A little history of Technology – where were we? where are we heading?

January 31, 2008

We were taken through the history of educational technology by Rick Schwier in our EC&I 831 class this week. I too enjoyed Rick’s story about his science class that Travis shares in his blog and remember similar experiences in my own education where there was a meager attempt to incorporate a technology, but the philosophy of the teacher really hadn’t changed.

The chart Rick presented showing the major shift in epistemology from individual learning [objectivism (1975-programming/drill&practice), cognitivism (1980s-CBT), constructivism (1990s-IBT, 2000- elearning)] to group learning [collective constructivism/social learning (2003-social software & free and open content)] was really interesting. This is definitely a different way of looking at how our students learn today. This is extremely important for teachers, parents, and society in general, because teachers need to change their philosophy of teaching and receive adequate PD and support to do so. Parents need to understand and support these changes. Society needs to be aware of this also because the workplace will also see these changes in how people learn and work.

Traditional teachers may show some resistance to group learning because it will be noisier and in some cases more difficult to assess individual achievement and just as its predecessor (individual learning) did not suit all learners, neither will group learning. The level of comfort that the teacher has with technology will also determining the amount of resistance.

New technologies = new philosophy = new pedagogy = progress?


5 Responses to “A little history of Technology – where were we? where are we heading?”

  1. Shaun Loeppky Says:

    Great comments Connie? Social networking cetainly changes the nature of the reserved “individual” in a quiet classroom (often the mark of an effective teacher, I am said to say) to the “noise” of social interaction. I am beginning to understand how the social web gives our students even greater power…FTF interaction can be a challenge for many of us introverts…there is real power in expression and exchange of ideas with a community of learners through a “separated” medium of communication.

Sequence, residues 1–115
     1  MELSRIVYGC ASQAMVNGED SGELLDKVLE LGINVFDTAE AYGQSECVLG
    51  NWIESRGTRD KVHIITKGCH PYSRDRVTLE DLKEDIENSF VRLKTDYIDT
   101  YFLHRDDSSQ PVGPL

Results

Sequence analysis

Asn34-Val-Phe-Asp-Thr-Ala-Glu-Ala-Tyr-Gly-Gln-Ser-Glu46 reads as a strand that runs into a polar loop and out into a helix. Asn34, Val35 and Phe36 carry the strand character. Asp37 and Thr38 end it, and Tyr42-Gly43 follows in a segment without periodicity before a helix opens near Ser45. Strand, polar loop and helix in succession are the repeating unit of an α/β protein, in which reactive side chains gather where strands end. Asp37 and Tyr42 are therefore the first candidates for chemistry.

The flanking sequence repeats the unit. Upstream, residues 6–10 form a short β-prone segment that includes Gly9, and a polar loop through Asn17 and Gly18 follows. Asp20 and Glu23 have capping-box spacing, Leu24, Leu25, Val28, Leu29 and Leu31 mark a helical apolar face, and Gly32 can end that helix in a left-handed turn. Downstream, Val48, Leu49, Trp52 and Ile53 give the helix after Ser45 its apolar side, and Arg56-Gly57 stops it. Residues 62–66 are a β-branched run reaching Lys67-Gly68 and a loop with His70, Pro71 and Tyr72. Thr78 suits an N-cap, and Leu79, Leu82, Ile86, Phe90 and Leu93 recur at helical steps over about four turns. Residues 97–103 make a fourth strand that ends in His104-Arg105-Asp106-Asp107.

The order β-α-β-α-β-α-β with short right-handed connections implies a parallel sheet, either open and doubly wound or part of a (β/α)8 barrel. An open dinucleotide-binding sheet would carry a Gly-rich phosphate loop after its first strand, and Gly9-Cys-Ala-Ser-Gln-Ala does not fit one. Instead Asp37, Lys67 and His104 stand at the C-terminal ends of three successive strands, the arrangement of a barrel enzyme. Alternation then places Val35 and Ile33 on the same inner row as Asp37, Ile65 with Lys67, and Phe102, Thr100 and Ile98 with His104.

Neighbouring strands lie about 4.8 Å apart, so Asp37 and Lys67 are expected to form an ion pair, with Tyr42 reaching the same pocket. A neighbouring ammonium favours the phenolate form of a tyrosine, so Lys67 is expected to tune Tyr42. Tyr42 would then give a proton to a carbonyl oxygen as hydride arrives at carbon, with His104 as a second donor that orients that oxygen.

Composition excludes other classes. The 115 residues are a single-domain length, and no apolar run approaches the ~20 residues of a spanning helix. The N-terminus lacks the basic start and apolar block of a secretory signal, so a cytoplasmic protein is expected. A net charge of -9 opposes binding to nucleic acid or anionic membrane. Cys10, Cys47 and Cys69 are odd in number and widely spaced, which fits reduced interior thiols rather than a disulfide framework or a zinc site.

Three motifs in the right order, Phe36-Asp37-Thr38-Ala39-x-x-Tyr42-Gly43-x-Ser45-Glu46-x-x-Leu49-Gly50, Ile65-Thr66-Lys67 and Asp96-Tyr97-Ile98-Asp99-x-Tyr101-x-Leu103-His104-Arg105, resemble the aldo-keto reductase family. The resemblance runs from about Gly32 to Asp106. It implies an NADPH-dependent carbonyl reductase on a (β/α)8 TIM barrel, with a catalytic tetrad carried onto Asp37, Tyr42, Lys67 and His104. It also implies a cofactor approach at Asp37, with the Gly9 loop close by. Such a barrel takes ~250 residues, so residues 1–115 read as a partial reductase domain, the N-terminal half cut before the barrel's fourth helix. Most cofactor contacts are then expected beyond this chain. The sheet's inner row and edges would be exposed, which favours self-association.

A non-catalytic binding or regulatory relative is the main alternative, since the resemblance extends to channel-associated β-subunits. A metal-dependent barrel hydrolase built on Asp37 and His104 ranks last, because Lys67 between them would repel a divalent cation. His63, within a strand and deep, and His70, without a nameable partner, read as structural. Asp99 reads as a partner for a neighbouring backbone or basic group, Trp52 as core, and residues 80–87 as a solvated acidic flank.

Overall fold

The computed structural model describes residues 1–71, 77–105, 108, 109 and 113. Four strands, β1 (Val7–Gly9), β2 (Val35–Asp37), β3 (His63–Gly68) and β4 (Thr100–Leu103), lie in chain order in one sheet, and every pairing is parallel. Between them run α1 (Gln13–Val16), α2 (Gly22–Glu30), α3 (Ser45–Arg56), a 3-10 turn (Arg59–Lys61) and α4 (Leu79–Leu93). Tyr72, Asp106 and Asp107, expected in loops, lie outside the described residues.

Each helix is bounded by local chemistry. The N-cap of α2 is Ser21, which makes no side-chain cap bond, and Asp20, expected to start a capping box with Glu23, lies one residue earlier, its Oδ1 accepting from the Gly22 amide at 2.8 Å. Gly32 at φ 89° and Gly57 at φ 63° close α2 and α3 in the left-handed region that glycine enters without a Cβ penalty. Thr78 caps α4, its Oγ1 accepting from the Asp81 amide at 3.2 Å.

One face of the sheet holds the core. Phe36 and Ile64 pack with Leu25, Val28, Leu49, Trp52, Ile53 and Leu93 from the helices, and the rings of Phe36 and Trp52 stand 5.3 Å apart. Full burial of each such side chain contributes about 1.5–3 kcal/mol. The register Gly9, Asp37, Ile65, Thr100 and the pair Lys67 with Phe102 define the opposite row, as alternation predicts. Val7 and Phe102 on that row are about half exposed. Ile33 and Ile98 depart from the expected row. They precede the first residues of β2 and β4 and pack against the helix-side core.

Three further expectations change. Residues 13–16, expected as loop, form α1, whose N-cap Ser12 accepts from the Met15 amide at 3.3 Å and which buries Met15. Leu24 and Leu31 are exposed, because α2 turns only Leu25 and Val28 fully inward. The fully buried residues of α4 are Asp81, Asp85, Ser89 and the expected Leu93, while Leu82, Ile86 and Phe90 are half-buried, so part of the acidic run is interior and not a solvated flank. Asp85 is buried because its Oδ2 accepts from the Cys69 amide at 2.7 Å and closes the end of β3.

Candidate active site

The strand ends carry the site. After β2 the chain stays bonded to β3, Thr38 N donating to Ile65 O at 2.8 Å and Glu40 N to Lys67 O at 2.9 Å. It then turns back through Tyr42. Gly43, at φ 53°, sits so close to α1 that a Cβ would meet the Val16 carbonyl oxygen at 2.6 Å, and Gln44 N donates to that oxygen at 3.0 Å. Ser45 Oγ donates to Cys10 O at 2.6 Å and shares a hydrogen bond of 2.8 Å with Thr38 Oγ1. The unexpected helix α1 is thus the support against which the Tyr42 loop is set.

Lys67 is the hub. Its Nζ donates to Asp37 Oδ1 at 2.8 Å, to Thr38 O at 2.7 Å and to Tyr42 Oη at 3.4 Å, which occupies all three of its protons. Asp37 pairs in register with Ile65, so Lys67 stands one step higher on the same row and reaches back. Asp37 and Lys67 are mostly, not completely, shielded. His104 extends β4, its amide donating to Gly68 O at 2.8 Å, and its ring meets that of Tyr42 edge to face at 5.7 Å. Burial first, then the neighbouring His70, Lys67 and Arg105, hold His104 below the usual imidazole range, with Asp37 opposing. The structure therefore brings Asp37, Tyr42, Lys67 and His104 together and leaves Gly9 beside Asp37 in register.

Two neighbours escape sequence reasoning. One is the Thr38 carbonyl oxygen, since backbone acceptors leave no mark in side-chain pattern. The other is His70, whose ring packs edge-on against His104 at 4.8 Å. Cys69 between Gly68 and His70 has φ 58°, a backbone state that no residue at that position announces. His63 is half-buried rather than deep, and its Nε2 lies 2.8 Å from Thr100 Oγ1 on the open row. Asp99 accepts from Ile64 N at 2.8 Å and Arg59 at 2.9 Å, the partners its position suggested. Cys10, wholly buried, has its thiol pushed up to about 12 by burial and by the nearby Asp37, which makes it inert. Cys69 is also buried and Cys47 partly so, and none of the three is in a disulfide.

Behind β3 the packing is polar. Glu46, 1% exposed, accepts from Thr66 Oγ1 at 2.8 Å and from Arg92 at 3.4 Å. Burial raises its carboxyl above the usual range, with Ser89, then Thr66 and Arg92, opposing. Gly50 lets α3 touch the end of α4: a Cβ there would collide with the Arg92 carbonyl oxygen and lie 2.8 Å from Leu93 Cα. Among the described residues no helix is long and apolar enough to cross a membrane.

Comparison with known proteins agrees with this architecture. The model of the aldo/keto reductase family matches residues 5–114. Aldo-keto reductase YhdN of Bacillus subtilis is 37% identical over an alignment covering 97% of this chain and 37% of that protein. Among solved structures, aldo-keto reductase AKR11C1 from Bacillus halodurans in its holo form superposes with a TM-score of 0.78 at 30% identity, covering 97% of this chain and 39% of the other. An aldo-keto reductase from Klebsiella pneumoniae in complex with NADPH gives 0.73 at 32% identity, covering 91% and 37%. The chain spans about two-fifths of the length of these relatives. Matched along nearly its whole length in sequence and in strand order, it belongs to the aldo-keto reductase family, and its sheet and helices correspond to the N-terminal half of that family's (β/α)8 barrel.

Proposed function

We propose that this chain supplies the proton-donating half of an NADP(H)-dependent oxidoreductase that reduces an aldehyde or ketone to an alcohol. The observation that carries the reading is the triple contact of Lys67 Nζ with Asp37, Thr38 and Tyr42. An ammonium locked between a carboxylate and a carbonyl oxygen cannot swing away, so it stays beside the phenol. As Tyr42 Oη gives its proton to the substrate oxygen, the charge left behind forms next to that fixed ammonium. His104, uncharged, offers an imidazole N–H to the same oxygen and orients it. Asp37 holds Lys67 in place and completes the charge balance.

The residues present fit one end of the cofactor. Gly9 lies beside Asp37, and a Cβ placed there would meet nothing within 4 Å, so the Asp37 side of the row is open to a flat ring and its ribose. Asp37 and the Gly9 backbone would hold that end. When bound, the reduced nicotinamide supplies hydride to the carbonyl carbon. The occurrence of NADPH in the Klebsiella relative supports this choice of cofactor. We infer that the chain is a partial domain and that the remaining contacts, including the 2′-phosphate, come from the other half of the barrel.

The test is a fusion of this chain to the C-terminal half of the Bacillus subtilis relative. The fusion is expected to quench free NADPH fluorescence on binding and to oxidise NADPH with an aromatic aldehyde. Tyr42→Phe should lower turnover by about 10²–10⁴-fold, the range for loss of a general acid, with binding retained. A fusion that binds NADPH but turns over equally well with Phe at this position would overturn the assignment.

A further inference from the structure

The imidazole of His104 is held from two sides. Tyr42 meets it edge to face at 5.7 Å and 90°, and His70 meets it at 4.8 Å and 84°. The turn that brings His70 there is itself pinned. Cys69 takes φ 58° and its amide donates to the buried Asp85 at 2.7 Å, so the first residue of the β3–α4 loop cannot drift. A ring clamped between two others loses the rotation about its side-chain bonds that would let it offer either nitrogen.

2. Rosanne Says:

    I liked your comment regarding adequate PD and support. I believe change could happen a lot quicker if teachers had adequate access and training. Expose them to a few social tools, let them get comfortable with them and then move on. Sounds simple doesn’t it. However, we know the reality.

    I also agree that there needs to be a philosophical shift regarding teaching and learning, and this shift would involve all stakeholders. How do we accomplish this? Not an easy question.

  3. Angie Balkwill Says:

    Resistance has been acceptable in the past. How can reduce the volunteerism?? That’s the burning question that I have.

    I really enjoy your blogs. Very intuitive!

  4. ccossar Says:

    How do we shift without resistance? I wonder if the teachers who have made the shift could tell us how and why? Is it working for them? Such complex questions…

  5. coreyterry Says:

    These shifts are possible if leadership will change and not be afraid to try to push some of this change within their buildings! Some of this change is complex because we (leaders) don’t work hard enough on change in our buildings. It is a constant on-going job! Sometimes our most traditional teachers become our best advocates, but initially getting them to change is difficult, but if you spend the right amount of time with them to show them how to change and support them – they will try! Certainly, its been my experiences!

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